This paper has attempted to validate two theses; one historical and the other philosophical: foremost, that the critical approach of the ID movement has been dependent upon a syntactic conception of biology—a formalization that, ironically, was an attempt to strengthen the veracity of evolution in relation to the physical sciences, but instead became the crux of criticism. And second, to argue that the semantic conception of evolutionary biology renders a specifically ID attempt to undermine the naturalism of evolution very improbable, for it provides a more holistic and formidable account of the naturalism of evolution; indeed, that the semantic conception makes it very clear that replacing a naturalistic mechanism with a Divine Being is unlikely to be justified a position within evolutionary biology, so long as ID proponents attempt to keep their method of criticism within mainstream, scientific culture. As Maynard Smith wrote in his classic The Theory of Evolution, “Evolution tends to adapt the nature of animals and plants to their environments. In history, man has adapted his environment to his nature” (1993, 343). This statement is doubly potent, for both the rationalist proponents and religious critics of evolutionary theory have adapted it according to their own desires.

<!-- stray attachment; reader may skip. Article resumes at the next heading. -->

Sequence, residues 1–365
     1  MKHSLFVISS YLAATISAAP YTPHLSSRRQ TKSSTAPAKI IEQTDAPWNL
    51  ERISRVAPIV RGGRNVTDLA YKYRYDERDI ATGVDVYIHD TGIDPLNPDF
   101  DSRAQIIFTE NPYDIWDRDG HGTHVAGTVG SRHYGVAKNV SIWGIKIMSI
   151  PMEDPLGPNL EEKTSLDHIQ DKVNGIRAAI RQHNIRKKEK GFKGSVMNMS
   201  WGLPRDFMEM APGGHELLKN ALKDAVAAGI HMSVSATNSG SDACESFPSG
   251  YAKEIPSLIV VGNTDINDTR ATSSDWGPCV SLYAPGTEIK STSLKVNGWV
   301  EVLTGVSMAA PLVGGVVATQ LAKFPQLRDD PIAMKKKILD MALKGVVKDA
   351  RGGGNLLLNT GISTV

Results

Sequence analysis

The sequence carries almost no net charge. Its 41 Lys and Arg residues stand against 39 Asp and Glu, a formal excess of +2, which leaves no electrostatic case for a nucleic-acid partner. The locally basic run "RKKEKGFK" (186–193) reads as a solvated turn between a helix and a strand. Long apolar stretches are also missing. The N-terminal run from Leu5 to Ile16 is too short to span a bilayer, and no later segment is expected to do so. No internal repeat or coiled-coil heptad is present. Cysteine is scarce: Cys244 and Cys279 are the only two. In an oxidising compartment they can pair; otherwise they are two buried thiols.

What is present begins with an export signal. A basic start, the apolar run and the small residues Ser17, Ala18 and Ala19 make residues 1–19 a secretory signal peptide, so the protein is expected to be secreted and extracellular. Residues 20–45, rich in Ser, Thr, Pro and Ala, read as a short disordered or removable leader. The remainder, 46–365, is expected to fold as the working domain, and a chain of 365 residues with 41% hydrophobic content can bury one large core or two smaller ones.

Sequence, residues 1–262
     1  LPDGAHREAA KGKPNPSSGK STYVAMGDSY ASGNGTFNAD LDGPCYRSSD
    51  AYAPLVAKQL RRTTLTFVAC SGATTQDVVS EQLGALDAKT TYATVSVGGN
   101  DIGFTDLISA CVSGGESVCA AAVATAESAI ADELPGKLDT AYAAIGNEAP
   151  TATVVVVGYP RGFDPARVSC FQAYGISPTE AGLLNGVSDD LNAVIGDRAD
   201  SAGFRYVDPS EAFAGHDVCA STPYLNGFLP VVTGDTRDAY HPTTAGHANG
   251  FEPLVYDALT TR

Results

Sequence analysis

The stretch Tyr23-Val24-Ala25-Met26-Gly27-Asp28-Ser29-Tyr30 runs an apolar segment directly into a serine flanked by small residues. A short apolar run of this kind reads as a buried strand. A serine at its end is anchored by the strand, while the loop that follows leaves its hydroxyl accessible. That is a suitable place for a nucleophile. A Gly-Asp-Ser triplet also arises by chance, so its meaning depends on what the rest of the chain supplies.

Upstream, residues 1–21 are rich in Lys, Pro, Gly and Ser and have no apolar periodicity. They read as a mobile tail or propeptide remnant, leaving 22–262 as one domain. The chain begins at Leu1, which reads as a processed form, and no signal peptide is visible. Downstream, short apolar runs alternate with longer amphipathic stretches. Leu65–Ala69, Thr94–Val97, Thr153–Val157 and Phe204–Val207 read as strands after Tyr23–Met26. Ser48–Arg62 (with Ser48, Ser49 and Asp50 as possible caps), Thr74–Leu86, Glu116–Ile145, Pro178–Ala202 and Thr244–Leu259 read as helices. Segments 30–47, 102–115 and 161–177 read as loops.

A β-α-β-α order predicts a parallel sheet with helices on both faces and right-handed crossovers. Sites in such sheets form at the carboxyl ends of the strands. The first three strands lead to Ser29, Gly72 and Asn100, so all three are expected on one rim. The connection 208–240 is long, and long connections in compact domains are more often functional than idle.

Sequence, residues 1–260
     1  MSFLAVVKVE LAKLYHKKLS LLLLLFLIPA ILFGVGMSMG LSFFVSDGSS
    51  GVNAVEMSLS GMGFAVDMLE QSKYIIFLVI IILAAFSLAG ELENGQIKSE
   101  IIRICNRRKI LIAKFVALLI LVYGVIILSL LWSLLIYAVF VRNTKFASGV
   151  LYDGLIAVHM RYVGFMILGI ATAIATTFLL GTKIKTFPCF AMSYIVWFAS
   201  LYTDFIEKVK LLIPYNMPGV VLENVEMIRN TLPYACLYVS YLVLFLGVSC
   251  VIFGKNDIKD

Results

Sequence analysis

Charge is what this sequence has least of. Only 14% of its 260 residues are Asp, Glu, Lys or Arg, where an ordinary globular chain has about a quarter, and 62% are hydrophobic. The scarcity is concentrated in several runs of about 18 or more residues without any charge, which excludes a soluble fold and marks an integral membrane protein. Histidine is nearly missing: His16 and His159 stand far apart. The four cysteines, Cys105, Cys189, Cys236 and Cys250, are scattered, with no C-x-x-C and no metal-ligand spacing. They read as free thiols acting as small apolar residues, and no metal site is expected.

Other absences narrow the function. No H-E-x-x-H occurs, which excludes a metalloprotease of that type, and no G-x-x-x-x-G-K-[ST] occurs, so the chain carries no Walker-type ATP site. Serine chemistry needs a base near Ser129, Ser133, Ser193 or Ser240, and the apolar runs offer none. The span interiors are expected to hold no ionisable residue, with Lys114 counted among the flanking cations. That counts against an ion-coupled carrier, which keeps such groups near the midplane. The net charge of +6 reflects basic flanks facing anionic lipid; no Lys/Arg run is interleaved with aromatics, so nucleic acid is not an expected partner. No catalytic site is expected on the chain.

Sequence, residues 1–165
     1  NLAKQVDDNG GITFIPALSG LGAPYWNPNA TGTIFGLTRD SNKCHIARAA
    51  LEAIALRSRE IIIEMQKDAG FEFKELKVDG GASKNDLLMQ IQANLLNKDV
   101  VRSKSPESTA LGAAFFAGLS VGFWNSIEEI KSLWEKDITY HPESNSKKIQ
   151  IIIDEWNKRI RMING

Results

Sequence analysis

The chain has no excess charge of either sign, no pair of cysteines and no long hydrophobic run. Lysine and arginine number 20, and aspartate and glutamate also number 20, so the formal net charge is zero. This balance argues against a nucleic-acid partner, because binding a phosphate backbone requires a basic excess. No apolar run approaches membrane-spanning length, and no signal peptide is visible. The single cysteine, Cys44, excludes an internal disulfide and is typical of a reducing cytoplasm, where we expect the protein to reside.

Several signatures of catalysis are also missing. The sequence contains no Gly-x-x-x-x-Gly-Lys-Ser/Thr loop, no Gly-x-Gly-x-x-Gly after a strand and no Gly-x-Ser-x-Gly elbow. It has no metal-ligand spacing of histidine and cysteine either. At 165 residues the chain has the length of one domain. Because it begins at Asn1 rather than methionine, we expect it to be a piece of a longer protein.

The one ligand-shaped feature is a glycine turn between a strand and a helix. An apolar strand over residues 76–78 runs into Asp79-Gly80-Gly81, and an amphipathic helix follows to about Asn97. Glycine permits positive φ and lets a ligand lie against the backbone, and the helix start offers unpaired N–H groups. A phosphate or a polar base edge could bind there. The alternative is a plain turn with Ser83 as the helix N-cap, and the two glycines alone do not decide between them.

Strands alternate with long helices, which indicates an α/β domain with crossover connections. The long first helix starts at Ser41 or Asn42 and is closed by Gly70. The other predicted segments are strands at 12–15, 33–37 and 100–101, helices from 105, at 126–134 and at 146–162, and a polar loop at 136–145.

1. I would like to acknowledge the assistance of Paul Thompson and the critical feedback provided to me by Tom Aechtner, Willem B. Drees, and Zygon's reviewers; the finished product is much improved on account of their efforts. Additionally, I would like to thank Michael Ruse for allowing me to reproduce two figures. Finally, I would like to acknowledge the Templeton Foundation and the Venice Summer School for Science and Religion (VSSR), which provided the stimulus for the writing of this paper. Any infelicities that remain are reflective of authorial error.
  2. See also Goudge (1961) and Beckner (1959).
  3. Alex Rosenberg drew extensively on Williams (1970).
  4. The term “received view” was coined in Putnam (1962).
  5. International Colloquium in the Philosophy of Science, London, 1965.
  6. It should be noted that both Ruse and Rosenberg serve in this paper as classic examples of axiomatization, whose value resides in their historical situation. That is, the positions of both Ruse and Rosenberg have become more complex and intricate in the many years since the publications cited in this paper. Nonetheless, the argument made herein is dependent upon these historically situated attempts to axiomatize evolutionary biology for their historicity.
  7. The same problem, though unnamed, was tackled by Darwin in the Origin, Chapter VI Difficulties on Theory, §Organs of Extreme Perfection and Complication.
  8. I am indebted to Willem B. Drees for the suggestion of this argument.